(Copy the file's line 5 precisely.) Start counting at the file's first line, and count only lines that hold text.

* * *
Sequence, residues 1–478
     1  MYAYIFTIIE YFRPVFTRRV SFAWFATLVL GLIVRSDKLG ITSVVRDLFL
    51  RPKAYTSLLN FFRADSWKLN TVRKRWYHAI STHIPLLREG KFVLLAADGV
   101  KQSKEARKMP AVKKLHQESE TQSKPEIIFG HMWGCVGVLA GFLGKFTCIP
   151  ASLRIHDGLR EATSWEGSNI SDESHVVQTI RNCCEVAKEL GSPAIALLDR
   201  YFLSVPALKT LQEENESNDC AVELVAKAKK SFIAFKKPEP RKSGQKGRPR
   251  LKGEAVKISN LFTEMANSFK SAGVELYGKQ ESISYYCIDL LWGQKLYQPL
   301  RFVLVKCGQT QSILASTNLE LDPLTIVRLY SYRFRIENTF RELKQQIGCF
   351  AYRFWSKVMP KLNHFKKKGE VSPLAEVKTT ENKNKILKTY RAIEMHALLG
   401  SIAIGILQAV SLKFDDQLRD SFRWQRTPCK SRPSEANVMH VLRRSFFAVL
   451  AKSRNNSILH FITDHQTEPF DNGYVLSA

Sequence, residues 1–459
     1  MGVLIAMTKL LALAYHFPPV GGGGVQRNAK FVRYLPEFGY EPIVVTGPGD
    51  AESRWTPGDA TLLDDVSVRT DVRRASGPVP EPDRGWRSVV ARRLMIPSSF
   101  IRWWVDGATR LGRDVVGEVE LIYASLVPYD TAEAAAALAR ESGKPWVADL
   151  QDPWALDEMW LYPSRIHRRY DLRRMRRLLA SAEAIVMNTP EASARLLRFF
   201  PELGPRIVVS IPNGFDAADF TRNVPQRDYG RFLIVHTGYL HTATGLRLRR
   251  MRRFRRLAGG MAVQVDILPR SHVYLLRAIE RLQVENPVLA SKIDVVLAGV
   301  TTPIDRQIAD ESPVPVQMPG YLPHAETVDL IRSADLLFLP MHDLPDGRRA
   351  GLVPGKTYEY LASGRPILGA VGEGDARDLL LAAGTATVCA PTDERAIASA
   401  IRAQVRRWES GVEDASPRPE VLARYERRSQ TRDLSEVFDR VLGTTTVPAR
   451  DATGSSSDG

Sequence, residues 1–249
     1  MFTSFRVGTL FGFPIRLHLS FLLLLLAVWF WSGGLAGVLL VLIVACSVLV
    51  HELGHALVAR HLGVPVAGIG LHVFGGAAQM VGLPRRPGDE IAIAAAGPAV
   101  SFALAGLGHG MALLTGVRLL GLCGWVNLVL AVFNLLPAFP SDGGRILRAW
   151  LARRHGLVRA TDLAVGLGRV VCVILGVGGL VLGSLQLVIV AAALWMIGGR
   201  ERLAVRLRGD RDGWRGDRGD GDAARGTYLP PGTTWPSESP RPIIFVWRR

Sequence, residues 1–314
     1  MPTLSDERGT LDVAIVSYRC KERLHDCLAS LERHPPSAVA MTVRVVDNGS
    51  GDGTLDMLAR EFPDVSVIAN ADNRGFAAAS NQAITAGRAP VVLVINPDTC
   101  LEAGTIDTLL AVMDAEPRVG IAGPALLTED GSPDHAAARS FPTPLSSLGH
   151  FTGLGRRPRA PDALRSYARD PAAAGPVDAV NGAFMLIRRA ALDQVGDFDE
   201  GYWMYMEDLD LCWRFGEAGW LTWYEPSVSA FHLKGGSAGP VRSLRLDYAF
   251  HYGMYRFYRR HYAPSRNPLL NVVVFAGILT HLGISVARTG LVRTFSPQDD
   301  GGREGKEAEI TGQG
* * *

   151  ASLRIHDGLR EATSWEGSNI SDESHVVQTI RNCCEVAKEL GSPAIALLDR